Monday, Feb. 23, marked the 20th day, the half-way point for the 2015 legislative session. The doors of our state Capitol are always open to the people of Georgia, and I have had the privilege of meeting with multiple impressive individuals and groups from the 72nd district.
I have enjoyed the company of the Youth Equine Champions, the Fayette County Realtors, and the Newnan Youth City Council. In addition to my own district, legislators are visited by numerous associations, colleges, and departments which take the time to share their insight and expertise.
Though I enjoy meeting with Georgia citizens and hearing about the great things happening all across our state, the meat of what we do here at the Capitol is law-making. Several significant issues are currently being debated under the Gold Dome.
One bill that has earned much of the media’s attention is HB 170, also known as the Transportation Funding Act of 2015. It is an effort to study Georgia’s transportation infrastructure needs and determine the adequacy of the state funding mechanism. Legislators have been listening to feedback from Georgians and this bill is continuing to be looked at and debated as it moves through the legislative process.
In addition to the debate surrounding the Transportation Funding Act, we have already passed several bills that are awaiting further action by the state Senate. One of those pieces of legislation includes HB 65 which was authored by Rep. Michael Caldwell (R–Woodstock). Currently Georgia requires the state and most local governments to hold public hearings before they pass a budget, but we hold no such requirement for those associated with local education budgets.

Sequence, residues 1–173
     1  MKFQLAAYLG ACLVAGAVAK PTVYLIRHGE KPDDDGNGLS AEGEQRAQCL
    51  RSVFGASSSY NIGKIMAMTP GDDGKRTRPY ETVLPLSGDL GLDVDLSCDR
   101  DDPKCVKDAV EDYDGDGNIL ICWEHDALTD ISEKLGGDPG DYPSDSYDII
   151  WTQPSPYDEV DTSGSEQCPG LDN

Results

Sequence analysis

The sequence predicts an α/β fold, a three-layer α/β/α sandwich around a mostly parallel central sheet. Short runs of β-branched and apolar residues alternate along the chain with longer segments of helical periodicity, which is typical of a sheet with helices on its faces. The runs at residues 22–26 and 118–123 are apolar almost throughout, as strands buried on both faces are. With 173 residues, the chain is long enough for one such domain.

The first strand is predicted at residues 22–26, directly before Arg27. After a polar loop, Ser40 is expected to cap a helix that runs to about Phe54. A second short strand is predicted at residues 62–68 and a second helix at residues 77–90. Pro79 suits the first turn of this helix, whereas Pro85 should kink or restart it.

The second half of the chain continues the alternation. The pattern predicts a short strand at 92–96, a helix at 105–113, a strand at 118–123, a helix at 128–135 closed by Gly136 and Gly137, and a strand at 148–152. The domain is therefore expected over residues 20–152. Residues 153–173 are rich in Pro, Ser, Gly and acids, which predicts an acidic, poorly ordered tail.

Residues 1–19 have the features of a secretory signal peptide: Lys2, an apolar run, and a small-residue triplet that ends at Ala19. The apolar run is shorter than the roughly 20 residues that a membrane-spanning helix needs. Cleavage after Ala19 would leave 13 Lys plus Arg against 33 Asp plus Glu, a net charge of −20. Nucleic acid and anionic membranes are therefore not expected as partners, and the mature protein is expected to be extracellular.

This bill would establish three basic transparency measures for local education agencies: every local education agency would be required to hold two public hearings prior to the passage of their budget, every local education agency would be required to place their summary budget online, and every local education agency would be required to make their line item detailed budget available digitally within three days upon request.
We also passed HB 198 authored by Rep. Katie Dempsey (R–Rome). This bill will require all certificated public school personnel to receive annual training in suicide awareness and prevention. Local school systems must adopt a policy on student suicide prevention and identify appropriate materials to fulfill training requirements, but they are free to choose what materials best suit their needs. This measure is only intended to help teachers recognize signs and know how to refer a student for help.
Finally we waived the one-year residency qualification for children of actively serving military personnel stationed in Georgia who are seeking Georgia’s special needs scholarships. Rep. Kevin Tanner (R–Dawsonville) authored HB 62 which states that if an otherwise qualifying student’s parent is on active duty military service, and stationed in Georgia, the student would be considered a resident for the purposes of special needs scholarships.
Thank you again for the opportunity to serve. I look forward to your input and questions.
[Rep. Matt Ramsey (R-Peachtree City) was first elected to the District 72 post in December 2007. He is a law partner with Warner, Hooper, and Ramsey, P.C., in Peachtree City. His email is firstname.lastname@example.org.]